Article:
Team:Wageningen UR/Human Practices


Human Practices

Human Practices

Xylencer, like all technology, does not exist in a vacuum. To continuously improve our project, we explored the perceived impact our project would have on the environment and what implications it would have on society. In our stakeholder analysis, we spoke to representatives of different stakeholder groups in our project: farmers, authorizers and scientists. This informed us how these different groups would want a cure for Xylella fastidiosa to look like, which helps us to improve and design our project in such a manner that it is accepted and aligned with the needs of these stakeholders, and society in general. To learn more about the ethical considerations and objections to the introduction of our project, we contacted several experts on ethics and organized an ethics workshop for students. More information on this can be found on the Ethics page.

The Stakeholder Web

Bob Mulder

It is important to listen and not convince when conducting an interview
Stakeholder Context

Before we started to reach out to our stakeholders, we discussed who they are and our communication strategy with Dr. Bob Mulder from the Social Sciences Department of Wageningen University.

Integrated Practices

To make our interviews with stakeholders more productive and less biased, Dr. Bob Mulder gave us the advice to make an interview guide. He gave us feedback on the provisional interview guide, as well as on communication strategies for our project.

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Integrated Human Practices

Dutch farmers and regulators taught us that no cure exists for X. fastidiosa. To prevent further spread of the pathogen, harsh preventative measures are in place, such as destruction of plant material, export bans and other quarantine measures. During our talk with an analyst of the floriculture sector, we learned that in regions densely filled with tree nurseries, damages due to a single X. fastidiosa finding could lead up to 100 million euros. These preventative measures are harsh, but necessary, as X. fastidiosa is itself very destructive, and cannot be cured.

For more information on this, look at the following stakeholders: Jan Veltmans, Maria Bergsma-Vlami and Lambert van Horen.

In order to cure plants and remove the need for preventative measures, we worked to develop a cure for X. fastidiosa using synthetic biology techniques. Experts taught us that the application of phages in agriculture currently has some disadvantages, of which the degradation of phages by UV light is one of the biggest. This led to the development of the Phage Delivery Bacterium (PDB). During the ethics workshop, we were alerted to the fact that misapplication of biocontrol agents is a great problem for the sector. We integrated this by having the PDB only produce phages upon the recognition of the target pathogen, removing this possibility for misapplication.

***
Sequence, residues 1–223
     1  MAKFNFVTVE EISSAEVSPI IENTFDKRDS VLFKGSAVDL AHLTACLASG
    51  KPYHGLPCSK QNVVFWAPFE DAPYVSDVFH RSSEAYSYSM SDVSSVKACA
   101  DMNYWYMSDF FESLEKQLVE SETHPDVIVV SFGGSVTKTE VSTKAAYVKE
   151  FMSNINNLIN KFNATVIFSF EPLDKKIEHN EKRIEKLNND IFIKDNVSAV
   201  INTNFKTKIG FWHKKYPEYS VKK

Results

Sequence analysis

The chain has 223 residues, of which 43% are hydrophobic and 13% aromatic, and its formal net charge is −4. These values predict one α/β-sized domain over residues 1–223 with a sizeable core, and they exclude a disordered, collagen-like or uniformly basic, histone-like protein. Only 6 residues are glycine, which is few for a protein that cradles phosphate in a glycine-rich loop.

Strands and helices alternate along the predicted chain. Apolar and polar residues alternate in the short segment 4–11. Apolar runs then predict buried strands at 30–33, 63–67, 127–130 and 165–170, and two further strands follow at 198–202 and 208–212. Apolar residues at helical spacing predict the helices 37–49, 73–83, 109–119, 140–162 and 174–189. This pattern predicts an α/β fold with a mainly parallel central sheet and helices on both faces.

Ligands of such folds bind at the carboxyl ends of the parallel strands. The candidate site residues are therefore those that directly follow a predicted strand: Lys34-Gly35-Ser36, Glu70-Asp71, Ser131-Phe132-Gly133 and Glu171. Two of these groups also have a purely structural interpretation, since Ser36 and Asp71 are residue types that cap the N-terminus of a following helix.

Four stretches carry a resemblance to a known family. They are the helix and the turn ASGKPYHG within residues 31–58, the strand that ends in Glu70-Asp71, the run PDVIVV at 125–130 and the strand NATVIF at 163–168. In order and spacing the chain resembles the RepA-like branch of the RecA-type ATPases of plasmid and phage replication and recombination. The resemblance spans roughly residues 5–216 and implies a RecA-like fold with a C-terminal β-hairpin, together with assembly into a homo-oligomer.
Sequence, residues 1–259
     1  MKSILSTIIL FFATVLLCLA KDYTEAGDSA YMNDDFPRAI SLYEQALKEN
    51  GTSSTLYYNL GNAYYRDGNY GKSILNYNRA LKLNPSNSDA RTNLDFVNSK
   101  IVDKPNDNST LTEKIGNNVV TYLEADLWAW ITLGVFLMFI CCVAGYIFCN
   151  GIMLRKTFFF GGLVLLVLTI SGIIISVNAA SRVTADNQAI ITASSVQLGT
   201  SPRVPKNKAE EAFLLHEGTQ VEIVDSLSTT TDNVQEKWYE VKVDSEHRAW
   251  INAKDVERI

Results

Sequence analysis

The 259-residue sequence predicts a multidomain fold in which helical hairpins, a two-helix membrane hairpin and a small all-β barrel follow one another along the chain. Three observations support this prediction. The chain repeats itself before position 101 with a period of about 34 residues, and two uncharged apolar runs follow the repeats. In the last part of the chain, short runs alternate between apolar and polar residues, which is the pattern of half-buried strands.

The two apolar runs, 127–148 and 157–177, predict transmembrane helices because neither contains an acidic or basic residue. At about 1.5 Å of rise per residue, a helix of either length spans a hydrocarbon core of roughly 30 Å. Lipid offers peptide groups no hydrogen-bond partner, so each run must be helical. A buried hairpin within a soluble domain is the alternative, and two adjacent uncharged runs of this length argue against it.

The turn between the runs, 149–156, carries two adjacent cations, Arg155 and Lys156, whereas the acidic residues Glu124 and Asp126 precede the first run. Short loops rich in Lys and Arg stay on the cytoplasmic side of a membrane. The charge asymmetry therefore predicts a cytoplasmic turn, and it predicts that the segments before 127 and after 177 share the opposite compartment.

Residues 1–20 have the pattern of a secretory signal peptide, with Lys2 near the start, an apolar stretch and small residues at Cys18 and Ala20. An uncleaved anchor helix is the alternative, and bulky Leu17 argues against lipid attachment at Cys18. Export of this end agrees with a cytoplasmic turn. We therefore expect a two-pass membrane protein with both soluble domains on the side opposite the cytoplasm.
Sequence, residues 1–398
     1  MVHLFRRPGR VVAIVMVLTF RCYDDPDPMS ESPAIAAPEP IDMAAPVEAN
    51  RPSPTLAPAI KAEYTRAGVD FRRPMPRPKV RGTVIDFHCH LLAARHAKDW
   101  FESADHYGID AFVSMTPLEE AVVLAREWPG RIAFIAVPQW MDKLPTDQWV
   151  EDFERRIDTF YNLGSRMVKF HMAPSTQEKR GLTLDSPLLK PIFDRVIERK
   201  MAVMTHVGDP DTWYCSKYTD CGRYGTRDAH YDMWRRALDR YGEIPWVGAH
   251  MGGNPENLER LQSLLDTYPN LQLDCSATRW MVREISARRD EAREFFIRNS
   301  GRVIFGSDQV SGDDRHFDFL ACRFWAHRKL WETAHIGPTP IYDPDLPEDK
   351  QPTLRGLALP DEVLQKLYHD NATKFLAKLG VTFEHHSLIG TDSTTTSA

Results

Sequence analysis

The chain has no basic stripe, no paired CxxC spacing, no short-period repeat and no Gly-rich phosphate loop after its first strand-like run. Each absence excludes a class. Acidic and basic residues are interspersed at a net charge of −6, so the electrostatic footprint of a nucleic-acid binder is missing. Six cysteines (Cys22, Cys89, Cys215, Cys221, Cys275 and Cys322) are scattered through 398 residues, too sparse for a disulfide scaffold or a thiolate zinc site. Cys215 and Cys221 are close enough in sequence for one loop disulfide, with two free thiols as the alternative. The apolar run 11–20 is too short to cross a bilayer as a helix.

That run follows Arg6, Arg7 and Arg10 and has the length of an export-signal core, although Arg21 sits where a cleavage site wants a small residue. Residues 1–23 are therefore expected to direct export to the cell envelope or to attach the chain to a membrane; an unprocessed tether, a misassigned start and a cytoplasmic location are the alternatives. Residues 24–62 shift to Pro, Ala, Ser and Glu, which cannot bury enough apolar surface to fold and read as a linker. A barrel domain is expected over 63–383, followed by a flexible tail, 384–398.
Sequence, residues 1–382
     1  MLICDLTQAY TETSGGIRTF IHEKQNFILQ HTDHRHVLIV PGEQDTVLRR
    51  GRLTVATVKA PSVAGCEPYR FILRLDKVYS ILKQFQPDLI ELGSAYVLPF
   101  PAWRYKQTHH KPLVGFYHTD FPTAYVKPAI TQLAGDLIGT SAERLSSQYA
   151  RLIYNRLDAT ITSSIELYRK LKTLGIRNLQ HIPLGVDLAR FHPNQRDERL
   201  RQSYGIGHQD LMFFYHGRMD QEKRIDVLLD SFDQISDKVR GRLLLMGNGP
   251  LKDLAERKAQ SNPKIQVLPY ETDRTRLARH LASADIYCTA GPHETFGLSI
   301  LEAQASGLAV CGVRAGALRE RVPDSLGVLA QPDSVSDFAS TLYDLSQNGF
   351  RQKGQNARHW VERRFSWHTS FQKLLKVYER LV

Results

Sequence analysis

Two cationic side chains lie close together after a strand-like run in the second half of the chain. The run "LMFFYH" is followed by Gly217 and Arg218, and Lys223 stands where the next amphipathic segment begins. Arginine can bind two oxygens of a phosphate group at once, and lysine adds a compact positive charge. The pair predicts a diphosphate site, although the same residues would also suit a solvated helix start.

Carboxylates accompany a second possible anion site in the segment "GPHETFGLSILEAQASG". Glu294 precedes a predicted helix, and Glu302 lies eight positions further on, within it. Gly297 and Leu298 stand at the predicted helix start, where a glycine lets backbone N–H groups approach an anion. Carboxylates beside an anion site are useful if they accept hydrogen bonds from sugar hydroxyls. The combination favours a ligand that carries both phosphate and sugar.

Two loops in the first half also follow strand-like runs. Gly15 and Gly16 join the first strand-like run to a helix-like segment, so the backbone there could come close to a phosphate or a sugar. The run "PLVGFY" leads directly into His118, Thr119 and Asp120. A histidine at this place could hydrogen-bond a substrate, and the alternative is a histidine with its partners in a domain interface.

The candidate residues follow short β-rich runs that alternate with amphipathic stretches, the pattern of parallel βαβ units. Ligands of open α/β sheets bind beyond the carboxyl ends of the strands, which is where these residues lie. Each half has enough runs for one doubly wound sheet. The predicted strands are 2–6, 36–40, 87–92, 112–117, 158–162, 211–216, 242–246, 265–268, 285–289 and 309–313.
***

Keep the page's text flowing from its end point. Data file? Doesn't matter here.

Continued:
For more information on this, look at Britt Koskella and our Ethics page.

We designed and redesigned our project with safety in mind, in continuous contact with regulators from several government agencies. To ensure our PDB will not persist indefinitely in the environment, we incorporated a timer kill switch. More information on this kill switch can be found on the Safety page. We learned that there could be possibilities for the application of our product. After extensive lab-testing, in-field testing opportunities could exist in regions in Spain and Italy. However, there are no precedents for the approval of similar projects. A change in the current legislature, driven by the severity of the problem of X. fastidiosa, could facilitate a real-life application.

For more information on this, look at the following stakeholders (clockwise): Maria Bergsma-Vlami, RIVM, Dick Verduin, Cécile van der Vlugt, Eva Garrote García and Martijn Schenk.

Multiple stakeholders indicated that the current method of manual detection of X. fastidiosa is very laborious. High amounts of plant material need to be collected and tested in high-containment laboratories to get reliable data on the presence and distribution of X. fastidiosa. For many countries, especially those who have no site of infection yet, this is not feasible, and in fact, it is hypothesized that in many places X. fastidiosa had been present long before it was detected. We integrated this into our project by creating an in-field detection method that works on the vector of X. fastidiosa. We were taught that an automated detection tool like ours could fit into the existing detection infrastructure by functioning as pre-screening so manual detection could be more risk-based and follow-up diagnostics could be performed faster upon initial suspicions.

For more information on this, look at the following stakeholders (clockwise): René van der Vlugt, Eva Garrote García, Martijn Schenk and Maria Bergsma-Vlami.

Finally, we considered whether our project, when applied, would do good in the world. For this, we attended lectures, had discussions with experts on ethics and organized an interactive ethics workshop. For a complete overview of our approach and integrated feedback, visit the Ethics page.

For more information on this, look at our Ethics page.